Last week, OCUFA staff members Graeme Stewart and Brynne Sinclair-Waters wrote an article for the Canadian Centre for Policy Alternatives-Ontario (CCPA-ON) on the need for more full-time faculty in Ontario’s universities. The piece is part of the CCPA-ON’s ongoing series on the provincial budget.
Stewart and Sinclair-Waters argue that hiring of full-time faculty has lagged well behind increases in enrolment, with serious implications for the quality of university education in Ontario. The reason for this lag is the gradual decline in public per-student funding for higher education in province. This under-funding is also to blame for the disturbing rise in precarious academic work, where a large proportion of university teaching is now done by faculty on short-term, insecure contracts.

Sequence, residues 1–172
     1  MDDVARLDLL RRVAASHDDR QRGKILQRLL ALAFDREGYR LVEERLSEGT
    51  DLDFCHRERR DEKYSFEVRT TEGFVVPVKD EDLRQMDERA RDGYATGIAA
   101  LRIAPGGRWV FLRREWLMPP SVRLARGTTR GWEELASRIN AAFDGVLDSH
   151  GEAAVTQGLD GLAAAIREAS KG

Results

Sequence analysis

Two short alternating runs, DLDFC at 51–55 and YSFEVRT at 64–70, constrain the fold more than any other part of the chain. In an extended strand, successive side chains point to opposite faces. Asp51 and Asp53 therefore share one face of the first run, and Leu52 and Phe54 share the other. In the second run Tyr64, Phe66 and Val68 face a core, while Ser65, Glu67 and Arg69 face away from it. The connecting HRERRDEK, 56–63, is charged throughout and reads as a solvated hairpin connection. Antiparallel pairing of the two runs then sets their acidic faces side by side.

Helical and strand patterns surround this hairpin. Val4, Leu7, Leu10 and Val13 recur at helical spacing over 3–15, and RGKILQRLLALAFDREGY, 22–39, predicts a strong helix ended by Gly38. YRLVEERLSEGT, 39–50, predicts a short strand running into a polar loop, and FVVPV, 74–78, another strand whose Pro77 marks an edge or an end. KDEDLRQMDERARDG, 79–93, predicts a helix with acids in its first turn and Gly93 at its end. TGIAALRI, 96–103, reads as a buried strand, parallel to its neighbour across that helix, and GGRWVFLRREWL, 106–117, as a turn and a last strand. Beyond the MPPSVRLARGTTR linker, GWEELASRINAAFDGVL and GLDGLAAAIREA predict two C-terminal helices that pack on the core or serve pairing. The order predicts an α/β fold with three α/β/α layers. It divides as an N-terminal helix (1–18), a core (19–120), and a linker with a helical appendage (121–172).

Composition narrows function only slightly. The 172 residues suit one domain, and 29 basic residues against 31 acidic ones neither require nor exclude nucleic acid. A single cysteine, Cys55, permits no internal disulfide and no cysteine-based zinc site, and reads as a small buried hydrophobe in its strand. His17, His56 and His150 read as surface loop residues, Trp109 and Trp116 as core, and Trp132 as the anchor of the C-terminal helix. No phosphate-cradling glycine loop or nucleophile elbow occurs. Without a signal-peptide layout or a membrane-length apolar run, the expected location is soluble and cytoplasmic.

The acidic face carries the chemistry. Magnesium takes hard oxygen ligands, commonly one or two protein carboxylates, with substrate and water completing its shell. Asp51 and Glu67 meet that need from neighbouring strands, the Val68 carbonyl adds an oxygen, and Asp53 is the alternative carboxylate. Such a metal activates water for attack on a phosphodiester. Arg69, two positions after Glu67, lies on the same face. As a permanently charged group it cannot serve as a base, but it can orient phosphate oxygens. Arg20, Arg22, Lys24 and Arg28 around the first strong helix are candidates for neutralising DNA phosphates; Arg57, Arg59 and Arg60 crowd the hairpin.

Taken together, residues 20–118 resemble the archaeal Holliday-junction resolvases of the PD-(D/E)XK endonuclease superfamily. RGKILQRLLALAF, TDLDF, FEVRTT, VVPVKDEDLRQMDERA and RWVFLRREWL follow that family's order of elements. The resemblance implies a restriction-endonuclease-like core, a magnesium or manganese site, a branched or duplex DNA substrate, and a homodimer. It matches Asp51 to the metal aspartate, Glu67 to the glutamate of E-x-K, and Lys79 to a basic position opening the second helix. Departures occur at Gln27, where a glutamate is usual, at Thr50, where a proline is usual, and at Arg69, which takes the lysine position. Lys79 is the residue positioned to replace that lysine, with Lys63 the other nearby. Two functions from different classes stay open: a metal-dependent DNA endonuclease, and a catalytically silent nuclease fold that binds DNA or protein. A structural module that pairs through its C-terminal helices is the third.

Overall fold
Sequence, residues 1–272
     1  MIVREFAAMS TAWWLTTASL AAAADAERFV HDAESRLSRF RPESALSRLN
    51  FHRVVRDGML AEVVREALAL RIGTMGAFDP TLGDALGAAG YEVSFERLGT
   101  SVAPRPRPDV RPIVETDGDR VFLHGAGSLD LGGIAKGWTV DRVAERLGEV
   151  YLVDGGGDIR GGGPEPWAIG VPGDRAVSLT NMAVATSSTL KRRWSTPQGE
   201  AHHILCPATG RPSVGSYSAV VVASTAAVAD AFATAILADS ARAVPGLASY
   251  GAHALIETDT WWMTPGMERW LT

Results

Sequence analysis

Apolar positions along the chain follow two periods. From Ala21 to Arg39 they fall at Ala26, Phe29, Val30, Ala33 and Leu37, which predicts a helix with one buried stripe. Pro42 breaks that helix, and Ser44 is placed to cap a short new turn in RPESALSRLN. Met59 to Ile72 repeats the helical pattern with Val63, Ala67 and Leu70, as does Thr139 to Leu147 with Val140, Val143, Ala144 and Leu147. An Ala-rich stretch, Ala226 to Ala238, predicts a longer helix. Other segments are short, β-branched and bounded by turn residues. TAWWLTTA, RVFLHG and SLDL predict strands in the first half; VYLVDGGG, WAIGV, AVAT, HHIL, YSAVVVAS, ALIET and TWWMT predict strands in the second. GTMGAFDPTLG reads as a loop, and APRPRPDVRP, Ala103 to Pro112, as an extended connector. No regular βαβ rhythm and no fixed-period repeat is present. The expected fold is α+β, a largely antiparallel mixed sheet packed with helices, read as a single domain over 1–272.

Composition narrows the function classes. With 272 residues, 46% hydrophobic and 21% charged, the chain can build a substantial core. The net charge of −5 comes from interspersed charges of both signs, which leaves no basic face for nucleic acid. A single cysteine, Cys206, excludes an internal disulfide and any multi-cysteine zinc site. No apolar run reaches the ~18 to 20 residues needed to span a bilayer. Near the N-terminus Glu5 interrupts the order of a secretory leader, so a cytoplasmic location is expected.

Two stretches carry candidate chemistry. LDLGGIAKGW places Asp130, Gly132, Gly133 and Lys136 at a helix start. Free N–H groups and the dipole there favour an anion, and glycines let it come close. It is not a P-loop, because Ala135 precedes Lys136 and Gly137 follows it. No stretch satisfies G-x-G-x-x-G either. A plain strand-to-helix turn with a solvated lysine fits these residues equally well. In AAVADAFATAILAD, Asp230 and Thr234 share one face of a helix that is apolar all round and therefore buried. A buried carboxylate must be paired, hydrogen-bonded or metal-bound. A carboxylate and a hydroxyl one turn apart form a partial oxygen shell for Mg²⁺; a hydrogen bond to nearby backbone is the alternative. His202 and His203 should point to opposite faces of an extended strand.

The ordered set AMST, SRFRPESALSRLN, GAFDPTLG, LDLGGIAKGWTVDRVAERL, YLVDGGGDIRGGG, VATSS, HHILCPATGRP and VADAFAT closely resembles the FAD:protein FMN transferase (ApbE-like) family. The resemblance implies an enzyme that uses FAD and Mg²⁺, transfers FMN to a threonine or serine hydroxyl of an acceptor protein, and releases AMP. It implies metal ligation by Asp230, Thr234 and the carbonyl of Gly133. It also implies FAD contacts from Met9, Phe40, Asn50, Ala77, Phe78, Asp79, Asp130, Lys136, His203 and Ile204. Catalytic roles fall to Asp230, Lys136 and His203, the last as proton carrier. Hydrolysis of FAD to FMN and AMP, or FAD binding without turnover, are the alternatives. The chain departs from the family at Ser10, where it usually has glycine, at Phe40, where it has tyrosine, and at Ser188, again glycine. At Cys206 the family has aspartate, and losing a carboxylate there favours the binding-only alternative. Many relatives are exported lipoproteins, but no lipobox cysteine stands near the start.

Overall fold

OCUFA estimates that hiring the 8,500 new faculty positions needed at Ontario universities would cost around $865 million, or about $173 million a year, in new public investment until 2020.
Even a modest bump in the provincial operating grant to universities would support greater hiring of full-time faculty. The challenge of precarious academic work is immense and will take years to correct. We need to begin turning the tide before the problem gets worse.
No organism can survive long with a weakened heart and our universities are no exception. Ontario needs to invest in our universities to boost the number of professors and academic librarians, and to ensure that every academic job is a good job.
If we do that, we secure the quality of Ontario universities—and the success of our students—for years to come.